This is almost always held the last weekend in April (Friday to Sunday) and the first weekend in May (Thursday to Sunday). It is lots of fun, with a more mature crowd than Mardi Gras (you won’t see any bare-breasted women on this trip), and it is definitely something for everyone.
To be honest, this was not a trip I was looking forward to. It was a gift (from me) to my husband for his birthday. He had been dying to go and I figured, how bad could it be? It is definitely one of the best festivals we have ever been to. It is extremely well-organized and attended, with lots of food, lots of entertainment, and plenty of security. We bought the tickets in advance through Ticketmaster, and it allowed us entrance any one of the 3 days (that week). Meaning, we did not need to commit to a day in advance. At the time, the tickets were $18 per person.
The best way to get there is via bus. The most popular location to catch the bus is in front of the Sheraton Hotel. The fare was about $10/per person roundtrip and it brought you directly to the New Orleans Fairgrounds. This is definitely the best way to get in and out of the fest and definitely the most efficient. It is a decent drive, and if you plan to drink while there, it’s just not practical to drive back.
The crowd varies… I think it’s safe to say that there are at least 100,000 people there at any given time. It is a very controlled crowd and very mellow by all accounts.
Dress casually and comfortably. Don’t bother bringing any food or alcohol with you – everything but one bottle of water per person is confiscated before you are allowed onto the grounds. I do recommend taking a blanket or a fold-up chair (like the ones that fold into a small canvas bag). The only places with seats are under the tents, so if you plan to watch any of the shows/music going on at the outside stages, you will need something to sit on (most of the stages are outdoors). In addition, I would recommend a hat and/or some heavy sunscreen. You will be outside most of the day, and if you’re drinking, you won’t realize how hot it gets.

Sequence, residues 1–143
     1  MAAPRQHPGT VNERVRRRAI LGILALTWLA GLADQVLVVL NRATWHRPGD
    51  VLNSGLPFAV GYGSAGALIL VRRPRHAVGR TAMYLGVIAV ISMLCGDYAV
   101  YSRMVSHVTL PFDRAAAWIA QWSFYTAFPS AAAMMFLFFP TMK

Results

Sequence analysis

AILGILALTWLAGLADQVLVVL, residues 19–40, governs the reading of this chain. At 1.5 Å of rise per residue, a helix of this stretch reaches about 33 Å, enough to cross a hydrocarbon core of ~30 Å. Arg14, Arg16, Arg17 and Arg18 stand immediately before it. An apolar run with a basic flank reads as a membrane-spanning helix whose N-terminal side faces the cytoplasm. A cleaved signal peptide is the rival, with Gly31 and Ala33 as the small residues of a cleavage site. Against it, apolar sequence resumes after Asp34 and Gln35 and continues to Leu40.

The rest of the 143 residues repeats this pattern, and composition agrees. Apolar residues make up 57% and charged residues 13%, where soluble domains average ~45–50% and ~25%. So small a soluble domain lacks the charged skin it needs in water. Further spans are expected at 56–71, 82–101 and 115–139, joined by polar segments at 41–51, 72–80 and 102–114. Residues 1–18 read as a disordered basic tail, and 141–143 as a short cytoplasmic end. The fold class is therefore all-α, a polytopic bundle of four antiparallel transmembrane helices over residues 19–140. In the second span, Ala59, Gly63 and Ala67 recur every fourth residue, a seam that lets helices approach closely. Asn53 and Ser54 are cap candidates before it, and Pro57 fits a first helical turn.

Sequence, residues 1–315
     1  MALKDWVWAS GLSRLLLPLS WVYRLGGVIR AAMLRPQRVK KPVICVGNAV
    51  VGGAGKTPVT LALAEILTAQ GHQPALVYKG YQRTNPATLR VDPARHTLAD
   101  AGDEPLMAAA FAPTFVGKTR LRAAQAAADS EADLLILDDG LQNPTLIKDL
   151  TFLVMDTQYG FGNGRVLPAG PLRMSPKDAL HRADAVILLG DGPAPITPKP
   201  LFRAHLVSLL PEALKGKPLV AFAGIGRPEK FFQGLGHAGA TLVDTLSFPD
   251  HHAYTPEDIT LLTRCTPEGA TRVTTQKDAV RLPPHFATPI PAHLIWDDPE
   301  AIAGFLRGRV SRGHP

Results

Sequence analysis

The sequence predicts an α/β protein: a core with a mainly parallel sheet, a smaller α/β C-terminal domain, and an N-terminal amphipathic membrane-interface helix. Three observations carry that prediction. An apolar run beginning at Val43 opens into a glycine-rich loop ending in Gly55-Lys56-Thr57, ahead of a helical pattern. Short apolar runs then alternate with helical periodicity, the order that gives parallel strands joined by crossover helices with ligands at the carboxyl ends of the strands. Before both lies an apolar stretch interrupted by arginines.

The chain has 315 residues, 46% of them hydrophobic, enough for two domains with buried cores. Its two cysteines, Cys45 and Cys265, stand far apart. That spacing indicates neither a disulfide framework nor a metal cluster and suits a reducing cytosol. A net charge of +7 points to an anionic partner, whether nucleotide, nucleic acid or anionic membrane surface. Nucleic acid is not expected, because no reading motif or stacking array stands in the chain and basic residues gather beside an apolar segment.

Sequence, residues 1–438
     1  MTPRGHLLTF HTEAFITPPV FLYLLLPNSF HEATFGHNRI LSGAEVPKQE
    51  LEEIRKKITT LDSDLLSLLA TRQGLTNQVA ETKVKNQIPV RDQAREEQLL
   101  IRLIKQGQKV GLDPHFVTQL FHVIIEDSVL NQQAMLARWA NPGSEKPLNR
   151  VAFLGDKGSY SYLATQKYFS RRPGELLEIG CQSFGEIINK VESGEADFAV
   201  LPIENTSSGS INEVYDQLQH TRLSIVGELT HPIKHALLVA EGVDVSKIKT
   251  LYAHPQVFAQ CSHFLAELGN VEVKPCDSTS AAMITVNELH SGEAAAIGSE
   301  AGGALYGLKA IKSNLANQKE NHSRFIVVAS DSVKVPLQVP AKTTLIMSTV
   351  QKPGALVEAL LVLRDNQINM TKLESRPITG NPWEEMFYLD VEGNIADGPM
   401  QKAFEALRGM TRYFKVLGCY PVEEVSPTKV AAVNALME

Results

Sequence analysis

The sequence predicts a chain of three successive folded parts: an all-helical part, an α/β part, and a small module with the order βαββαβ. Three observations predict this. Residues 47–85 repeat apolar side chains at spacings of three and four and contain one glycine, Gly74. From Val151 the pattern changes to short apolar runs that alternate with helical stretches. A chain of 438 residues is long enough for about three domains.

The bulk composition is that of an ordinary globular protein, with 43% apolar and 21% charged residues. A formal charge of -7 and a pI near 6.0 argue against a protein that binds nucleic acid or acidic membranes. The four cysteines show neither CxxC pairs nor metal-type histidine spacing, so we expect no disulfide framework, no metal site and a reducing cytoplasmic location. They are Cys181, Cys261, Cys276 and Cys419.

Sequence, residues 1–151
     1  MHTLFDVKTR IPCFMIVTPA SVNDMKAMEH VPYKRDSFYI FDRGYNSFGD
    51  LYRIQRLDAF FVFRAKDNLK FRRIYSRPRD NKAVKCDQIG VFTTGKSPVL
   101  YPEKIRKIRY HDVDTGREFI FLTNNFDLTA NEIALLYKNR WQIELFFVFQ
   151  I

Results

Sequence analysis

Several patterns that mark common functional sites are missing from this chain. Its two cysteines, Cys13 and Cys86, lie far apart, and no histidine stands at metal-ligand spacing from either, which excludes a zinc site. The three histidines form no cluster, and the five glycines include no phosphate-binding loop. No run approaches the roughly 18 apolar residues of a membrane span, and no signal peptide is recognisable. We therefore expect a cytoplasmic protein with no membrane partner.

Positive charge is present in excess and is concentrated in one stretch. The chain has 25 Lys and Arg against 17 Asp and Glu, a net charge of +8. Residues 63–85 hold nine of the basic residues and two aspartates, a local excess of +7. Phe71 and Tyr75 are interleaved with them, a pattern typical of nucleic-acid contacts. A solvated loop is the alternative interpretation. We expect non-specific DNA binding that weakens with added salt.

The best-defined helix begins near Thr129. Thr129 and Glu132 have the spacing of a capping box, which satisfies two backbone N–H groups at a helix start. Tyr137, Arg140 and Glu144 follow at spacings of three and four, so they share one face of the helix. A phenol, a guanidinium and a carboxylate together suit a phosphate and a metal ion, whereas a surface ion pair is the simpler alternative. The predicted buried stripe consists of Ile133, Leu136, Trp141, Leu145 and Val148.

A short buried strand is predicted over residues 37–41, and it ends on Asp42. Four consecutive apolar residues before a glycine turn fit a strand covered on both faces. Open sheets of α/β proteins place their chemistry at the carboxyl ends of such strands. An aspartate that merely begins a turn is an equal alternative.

Overall, there were about 15 or so stages, and after receiving a schedule (when you walk in), you find that you can stop and see about 10 to 15 acts at any given time. The music varied from gospel to country, from jazz to rock, and even to Dave Matthews. To keep things fresh and to keep people coming back, the headliners vary ever year.
Most of the vendors selling food are run by nonprofit organizations, and the food is broken up by areas. You can’t go wrong here. Everything is fresh, fast, cheap, and delicious. Some of the delicacies include crawfish (a big draw here), gumbo, etoufee, and fried everything else. There are no tables to sit and eat, just high tables to stand and eat. Booze is in large supply as well – hello, you are in New Orleans. Hurricanes are the local specialty, so try one out.
There are also vendors selling trinkets, art, music, T-shirts, etc. The booths were sporadic, but some contained beautiful pieces and it was worth a glance to say the least.
Overall, it was a great and perfect time to visit New Orleans. Go early and make a day of it. The shuttle runs constantly throughout the day, so you can always leave if you’ve had enough. Note: Bathrooms are porta-potties - keep in mind that you are on fairgrounds.